On the other hand, if these hypothetical “evidence-based” guidelines were simply an affirmative defense, a plaintiff would get a chance to challenge whether the doctor in fact followed the guidelines and, if the doctor followed the guidelines, he could rely upon them as a defense. Under this regime, medical malpractice lawsuits would hardly be any different than they are today. Today, doctors accused of medical malpractice will frequently rely on medical treatises and other medical authorities to show that their treatment conformed to the standard of care.
So either Orzag is proposing a radical reform of medical malpractice liability, one which would deprive patients of their rights on a doctor’s mere say-so, or he is proposing something that would not make much of a dent in the costs of medical malpractice lawsuits (because the guidelines could only be invoked after discovery in a lawsuit, once the defense lawyers have billed for hundreds of hours of defense work and because the “reform” would not be that drastically different from the state of the law today, where doctors can invoke treatises and other medical authorities in their defense).
Assuming that what Orzag is proposing is the more modest reform of permitting these “evidence-based guidelines” to be relied upon as an affirmative defense, we have to address the question of: Is this (more modest) reform a good idea? It seems unequivocally clear to me that the answer to this question is “No” and that Orzag’s beliefs to the contrary are rooted in ignorance of the practice of medicine and the scientific enterprise generally.
One of the dangers of having one supreme set of “evidence-based” clinical guidelines is that the practice of medicine will become fossilized. Secure in their knowledge that they are following the “right” course of treatment, doctors won’t feel prodded to develop new treatments or therapies. In time, such a regime will inevitably elevate and exalt the “old way” of doing things as sacrosanct. Young doctors who step outside the framework will be exposing themselves to massive liability, even if they have developed a better framework for treatment.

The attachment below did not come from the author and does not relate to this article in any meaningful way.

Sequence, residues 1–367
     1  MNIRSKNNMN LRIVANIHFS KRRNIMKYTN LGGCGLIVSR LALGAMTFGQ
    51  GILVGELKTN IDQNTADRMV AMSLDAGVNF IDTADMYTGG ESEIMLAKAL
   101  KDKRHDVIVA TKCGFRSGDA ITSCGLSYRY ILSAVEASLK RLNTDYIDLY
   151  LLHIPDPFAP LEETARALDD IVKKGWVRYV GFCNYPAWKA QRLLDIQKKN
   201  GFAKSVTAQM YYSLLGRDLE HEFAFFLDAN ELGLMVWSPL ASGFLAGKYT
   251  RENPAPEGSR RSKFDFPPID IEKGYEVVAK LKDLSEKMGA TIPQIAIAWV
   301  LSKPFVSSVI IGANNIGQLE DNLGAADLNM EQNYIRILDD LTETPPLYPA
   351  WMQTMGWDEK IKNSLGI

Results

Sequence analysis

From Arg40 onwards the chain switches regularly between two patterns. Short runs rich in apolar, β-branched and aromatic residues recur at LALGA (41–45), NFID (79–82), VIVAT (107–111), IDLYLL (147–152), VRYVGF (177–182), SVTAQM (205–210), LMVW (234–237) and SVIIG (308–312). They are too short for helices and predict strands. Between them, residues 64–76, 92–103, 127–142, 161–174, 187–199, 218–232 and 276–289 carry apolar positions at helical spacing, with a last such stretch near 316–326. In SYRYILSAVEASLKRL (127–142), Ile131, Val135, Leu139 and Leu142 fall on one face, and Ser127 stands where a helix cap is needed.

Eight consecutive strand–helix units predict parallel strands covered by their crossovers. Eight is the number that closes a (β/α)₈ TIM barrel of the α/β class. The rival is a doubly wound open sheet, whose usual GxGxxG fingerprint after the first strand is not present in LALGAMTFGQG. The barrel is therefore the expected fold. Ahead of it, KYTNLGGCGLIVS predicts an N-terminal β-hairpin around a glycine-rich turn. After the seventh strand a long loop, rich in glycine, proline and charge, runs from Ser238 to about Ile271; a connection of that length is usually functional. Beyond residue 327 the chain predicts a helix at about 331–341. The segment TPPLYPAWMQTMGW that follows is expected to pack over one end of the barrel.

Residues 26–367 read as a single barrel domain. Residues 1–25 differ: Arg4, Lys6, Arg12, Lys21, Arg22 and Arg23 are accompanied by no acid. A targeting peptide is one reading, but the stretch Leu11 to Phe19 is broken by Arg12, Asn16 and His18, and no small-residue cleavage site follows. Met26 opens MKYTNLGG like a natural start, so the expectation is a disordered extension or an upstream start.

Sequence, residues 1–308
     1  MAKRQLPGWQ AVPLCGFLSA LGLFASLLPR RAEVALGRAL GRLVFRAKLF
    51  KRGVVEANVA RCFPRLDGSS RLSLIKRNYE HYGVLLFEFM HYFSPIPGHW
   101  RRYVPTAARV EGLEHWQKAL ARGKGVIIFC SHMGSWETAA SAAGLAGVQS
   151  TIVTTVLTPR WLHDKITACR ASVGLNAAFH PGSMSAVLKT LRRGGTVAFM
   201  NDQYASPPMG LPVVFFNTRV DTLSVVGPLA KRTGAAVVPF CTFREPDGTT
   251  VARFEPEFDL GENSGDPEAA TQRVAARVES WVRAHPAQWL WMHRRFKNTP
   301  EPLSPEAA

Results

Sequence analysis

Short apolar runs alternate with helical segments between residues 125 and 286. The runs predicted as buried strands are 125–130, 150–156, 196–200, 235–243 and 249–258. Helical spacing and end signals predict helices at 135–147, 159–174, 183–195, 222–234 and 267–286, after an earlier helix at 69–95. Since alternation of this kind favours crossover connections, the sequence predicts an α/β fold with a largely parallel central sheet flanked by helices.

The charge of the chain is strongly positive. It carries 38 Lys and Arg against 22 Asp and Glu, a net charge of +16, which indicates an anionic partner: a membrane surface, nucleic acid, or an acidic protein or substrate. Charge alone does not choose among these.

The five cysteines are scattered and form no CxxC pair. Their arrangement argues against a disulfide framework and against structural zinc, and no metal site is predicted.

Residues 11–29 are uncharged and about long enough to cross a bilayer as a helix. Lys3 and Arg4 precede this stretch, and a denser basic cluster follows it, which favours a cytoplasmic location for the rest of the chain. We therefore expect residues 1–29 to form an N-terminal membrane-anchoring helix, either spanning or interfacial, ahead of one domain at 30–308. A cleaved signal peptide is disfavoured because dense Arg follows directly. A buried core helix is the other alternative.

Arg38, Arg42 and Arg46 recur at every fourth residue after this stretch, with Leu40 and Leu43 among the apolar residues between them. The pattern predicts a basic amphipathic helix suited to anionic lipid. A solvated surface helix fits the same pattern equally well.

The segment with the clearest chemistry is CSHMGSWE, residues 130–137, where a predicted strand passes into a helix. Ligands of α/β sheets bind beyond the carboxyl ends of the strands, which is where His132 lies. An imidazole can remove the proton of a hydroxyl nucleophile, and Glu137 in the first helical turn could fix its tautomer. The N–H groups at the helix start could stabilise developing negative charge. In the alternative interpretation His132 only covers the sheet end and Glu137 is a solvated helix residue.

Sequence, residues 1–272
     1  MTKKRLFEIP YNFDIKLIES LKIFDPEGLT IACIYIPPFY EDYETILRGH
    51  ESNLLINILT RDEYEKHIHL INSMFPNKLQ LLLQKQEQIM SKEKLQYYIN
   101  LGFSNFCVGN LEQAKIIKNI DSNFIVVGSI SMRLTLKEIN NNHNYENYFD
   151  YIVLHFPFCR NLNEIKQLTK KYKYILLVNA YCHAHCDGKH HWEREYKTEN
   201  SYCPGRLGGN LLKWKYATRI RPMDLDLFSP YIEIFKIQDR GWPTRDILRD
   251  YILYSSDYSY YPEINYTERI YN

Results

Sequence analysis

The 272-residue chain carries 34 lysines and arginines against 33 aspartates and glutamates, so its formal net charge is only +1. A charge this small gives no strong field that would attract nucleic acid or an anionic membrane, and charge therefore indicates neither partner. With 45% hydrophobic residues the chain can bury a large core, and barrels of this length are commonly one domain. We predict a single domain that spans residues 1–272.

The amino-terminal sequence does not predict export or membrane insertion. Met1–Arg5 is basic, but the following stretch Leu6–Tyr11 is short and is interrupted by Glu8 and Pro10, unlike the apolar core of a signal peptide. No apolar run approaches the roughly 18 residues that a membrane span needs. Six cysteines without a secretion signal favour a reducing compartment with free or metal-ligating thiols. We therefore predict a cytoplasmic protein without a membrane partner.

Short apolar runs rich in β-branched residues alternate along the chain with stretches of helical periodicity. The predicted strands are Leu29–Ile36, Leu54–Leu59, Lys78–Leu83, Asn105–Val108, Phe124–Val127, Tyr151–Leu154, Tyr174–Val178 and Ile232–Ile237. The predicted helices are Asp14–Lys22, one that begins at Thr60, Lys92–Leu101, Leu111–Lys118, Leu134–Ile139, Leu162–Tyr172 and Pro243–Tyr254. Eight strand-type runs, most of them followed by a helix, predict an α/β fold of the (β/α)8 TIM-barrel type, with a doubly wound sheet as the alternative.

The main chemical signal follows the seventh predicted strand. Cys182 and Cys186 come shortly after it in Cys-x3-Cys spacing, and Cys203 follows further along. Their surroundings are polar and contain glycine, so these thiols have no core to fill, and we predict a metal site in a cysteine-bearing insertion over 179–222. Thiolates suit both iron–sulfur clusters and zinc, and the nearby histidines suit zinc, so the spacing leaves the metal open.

Orzag’s proposal also overlooks the extent to which there is disagreement among medical professionals about the proper standard of care. In virtually every medical malpractice lawsuit (except for the most cut-and-dried cases of mistake), there are expert witnesses on both sides who will disagree about the proper standard of care. The defendant doctor will inevitably drum up an expert who agrees that the proper standard was followed. Medical malpractice plaintiffs have to have their own experts and these experts often testify that the standard of care was different than the negligent doctor had supposed: that research has moved along or progressed since the treatment used by the negligent doctor was developed and that now a new standard applies throughout medicine.
From a legal perspective, Orzag’s proposal is a bit of an incoherent jumble. But however you interpret it, it seems like a bad idea.
You can read more reaction to Orzag’s op-ed here, here and here.
This blog is maintained by the Boston medical malpractice lawyers at The Law Office of Alan H. Crede, P.C. The blog neither contains nor offers legal advice.